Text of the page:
Ryff, the recent winner of the LIFToff VideoAI Challenge, adds virtual product placements to TV shows and films.
One of the earliest cases of product placement came in the 1919 film The Garage starring Fatty Arbuckle and Buster Keaton. Throughout the film, viewers could see logos for gasoline and motor oil companies popular at the time.
There’s no question product placement has evolved considerably since then, with digital product placement at the forefront of the next evolution of the $23 billion business — and Los Angeles startup Ryff is leading the transformation.
Ryff adds virtual product placements inside films and TV shows that appear natural. Rather than physical products placed on set before filming, the products are added digitally afterward — and look like they’d been there all along. Ryff uses artificial intelligence to analyze the speech and context in a piece of content to ensure that the placements feel authentic to each scene.
The startup has worked with brands like Coca-Cola, General Mills, and Intel. For example, Ryff added Coca-Cola banners and bottles of Cherry Vanilla Coke to footage of North Carolina State celebrating their improbable 1983 NCAA men’s basketball championship.
Garry Edwards, Chief Revenue Officer at Ryff says the startup adds a new revenue stream for content creators, broadcasters, and advertisers.
“It is an ecosystem where everybody wins,” said Edwards. “Advertisers reach new audiences. Content owners and broadcasters have a new way to monetize their content and can do something different than traditional advertising.”
Ryff recently won the LIFToff VideoAI Challenge at Comcast NBCUniversal LIFT Labs. The challenge sought out enterprise-ready companies delivering next-generation video experiences. LIFToff allowed Ryff to pitch various teams across Comcast NBCUniversal and ultimately gain a trial program with Comcast Technology Solutions.
“The challenge galvanized our team because it felt in our wheelhouse and something we could all lean into,” said Edwards.
Peter Gibson, Executive Director, Product at Comcast Technology Solutions, said Ryff not only had the “wow factor” of seamless technology but also made significant progress on rights integration and business policy modeling.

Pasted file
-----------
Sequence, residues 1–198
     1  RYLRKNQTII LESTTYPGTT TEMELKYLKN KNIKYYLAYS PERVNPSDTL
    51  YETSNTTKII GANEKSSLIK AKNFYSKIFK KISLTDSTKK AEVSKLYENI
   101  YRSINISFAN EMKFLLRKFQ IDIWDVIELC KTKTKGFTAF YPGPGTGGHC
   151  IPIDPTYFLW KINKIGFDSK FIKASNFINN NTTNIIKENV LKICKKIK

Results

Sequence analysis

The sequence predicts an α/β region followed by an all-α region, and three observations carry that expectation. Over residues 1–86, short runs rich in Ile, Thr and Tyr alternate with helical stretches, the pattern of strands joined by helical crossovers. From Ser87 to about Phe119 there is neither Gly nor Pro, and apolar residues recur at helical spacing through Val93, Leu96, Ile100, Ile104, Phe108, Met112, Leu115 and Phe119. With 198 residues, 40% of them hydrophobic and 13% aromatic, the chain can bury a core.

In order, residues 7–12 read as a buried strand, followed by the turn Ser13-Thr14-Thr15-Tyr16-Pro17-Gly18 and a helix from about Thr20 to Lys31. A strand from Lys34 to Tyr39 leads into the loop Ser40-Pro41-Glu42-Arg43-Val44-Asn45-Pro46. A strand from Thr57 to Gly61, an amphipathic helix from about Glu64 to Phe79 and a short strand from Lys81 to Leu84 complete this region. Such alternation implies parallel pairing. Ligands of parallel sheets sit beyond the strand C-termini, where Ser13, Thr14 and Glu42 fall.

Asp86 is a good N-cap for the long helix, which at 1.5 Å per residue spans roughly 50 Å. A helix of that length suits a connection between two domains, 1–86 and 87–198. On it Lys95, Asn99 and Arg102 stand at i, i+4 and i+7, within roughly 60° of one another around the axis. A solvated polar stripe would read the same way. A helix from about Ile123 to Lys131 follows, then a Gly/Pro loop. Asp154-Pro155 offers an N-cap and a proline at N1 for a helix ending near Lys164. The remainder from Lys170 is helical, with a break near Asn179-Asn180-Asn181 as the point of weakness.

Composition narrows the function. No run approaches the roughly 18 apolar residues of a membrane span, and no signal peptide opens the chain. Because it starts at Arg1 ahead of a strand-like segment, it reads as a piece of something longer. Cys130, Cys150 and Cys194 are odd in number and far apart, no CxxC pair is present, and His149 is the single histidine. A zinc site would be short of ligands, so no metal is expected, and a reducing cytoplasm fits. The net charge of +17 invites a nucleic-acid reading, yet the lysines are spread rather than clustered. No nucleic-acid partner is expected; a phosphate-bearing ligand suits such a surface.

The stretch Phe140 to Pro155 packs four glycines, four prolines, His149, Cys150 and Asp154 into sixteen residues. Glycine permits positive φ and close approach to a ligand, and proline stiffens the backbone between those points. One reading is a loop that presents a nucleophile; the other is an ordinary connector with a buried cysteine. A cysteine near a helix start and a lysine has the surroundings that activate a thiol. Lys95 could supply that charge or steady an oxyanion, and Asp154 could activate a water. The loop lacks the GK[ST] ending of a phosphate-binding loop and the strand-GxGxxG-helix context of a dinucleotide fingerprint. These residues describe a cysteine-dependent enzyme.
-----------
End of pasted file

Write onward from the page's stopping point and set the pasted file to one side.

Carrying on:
“We can get a lot of value from working with Ryff,” said Gibson. “They have been heads down over the past few years building business logic into their APIs to allow brands to buy and sell placement slots, and they’ve developed some intriguing rendering tech around it to make it look seamless, particularly on live events where you can’t prepare beforehand.”
By leveraging AI to understand every contextual frame of content it allows for virtual brand placement to enable new advertising opportunities targeted to the consumer.
Laura Plunkett, Executive Director of Startup Engagement at Comcast NBCUniversal, added that Ryff’s knowledgeable leadership team, mature product, and business model stood out.
“Ryff’s technology is very compelling with an innovative business model that creates tremendous opportunities for value creation and capture,” said Plunkett. “In traditional product placement, a brand is simply inserted into content, and it usually just stops there. Ryff creates options around seasonality, audience specificity, and even macro volatility.”
International Releases, Classic Content, and More
Many Ryff team members spent years designing video games, meaning they crafted entire digital worlds from scratch. In comparison, digital product placements are an easier tech challenge.
“We’re computer rendering guys,” said Edwards. “We can do this at scale. We’re used to building gaming worlds where thousands of people are playing simultaneously but are having a unique experience.”
That team is now laser-focused on helping brands, content owners, and broadcasters get more from each product placement opportunity. And the applications are plentiful. For international releases, Ryff can swap in country-specific products rather than showing American products unavailable in those regions. The company can also backfill product placements on classic content.
“For a longstanding brand like Remy Martin or Coca-Cola, we can make you an authentic bottle from the 1960s and place it in film from that era,” said Edwards.
In the future, Ryff is aiming to launch hyper-targeted advertising where various audiences see different product placements.
“We can work with broadcasters or platforms to understand who is watching — even down to brand safety concerns,” said Edwards. “For example, if we know a kid under 21 is watching, they won’t be served an alcohol reference. They’ll get chocolate milk or a bottle of water instead.”
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